The company expanded its product offerings into more lifestyle and performance categories,
introducing new product segments for both the NBA and NFL, including NBA and NFL
footwear, classic lifestyle apparel and performance gear for off-the-field activities. Reebok
sponsored many top athletes in tennis; Andy Roddick and Venus Williams; as well as music stars
Jay-Z, Pharrell Williams and 50 Cent. Yao Zing's impact in the Asian market is hugely important
to Reebok. Affiliating itself to such globally renowned celebrities enhanced the company name
among many different customer groups.
Strong women's sector
Another one of Reebok's strengths was its success in the women's sector. The market for
women's athletic shoes is larger than that for men, accounting for around 46% and 40% of the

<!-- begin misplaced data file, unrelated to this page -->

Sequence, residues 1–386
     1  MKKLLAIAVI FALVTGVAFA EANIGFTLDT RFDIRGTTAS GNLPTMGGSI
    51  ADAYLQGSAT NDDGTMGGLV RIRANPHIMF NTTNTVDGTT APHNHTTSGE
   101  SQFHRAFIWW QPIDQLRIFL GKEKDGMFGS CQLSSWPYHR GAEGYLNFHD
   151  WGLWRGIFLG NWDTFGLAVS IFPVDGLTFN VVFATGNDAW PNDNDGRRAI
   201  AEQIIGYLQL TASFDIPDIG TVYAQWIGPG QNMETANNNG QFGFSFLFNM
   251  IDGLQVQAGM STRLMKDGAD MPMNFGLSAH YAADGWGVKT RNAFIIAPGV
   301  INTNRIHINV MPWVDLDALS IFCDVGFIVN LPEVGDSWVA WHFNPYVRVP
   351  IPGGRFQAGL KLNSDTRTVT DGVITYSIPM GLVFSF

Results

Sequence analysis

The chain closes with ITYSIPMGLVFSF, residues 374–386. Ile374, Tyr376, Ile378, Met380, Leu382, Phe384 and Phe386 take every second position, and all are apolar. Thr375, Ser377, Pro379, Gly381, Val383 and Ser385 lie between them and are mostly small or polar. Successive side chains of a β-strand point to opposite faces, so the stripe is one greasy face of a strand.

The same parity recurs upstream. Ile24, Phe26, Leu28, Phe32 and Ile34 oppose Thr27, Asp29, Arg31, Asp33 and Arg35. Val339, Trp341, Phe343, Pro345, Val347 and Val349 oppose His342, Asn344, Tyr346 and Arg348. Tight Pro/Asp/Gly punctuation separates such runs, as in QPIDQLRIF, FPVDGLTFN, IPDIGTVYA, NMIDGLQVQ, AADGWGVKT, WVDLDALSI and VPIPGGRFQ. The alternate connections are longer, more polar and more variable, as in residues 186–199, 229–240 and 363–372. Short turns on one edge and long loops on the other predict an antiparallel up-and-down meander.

sector's value respectively. In volume terms, the women's sector was even more important, 46%
compared to 35%. Reebok's market share of women's athletic shoe sales was around 35%, and
has been boosted by its 'It's A Woman's World' marketing campaign.
'Classics' under fire
The company had come under fire from its rivals in the classics department. In the past Reebok
has controlled this shoe category without much competition, however companies such as Nike
and Adidas were coming up with their own 'classic shoes'. Reebok were still the market leaders
in that area but the gap kept narrowing.
Low market share in apparels
Reebok controlled only about 1.4% of the apparel market. This posed a problem when squaring
up with its fierce competitor, Nike. The footwear market's growth was slowing. Athletic apparel
gives scope for a larger and more diverse range of products, keeping the market fast moving. The
apparel market was 2.4 times larger than the footwear market. Nike took charge there, with its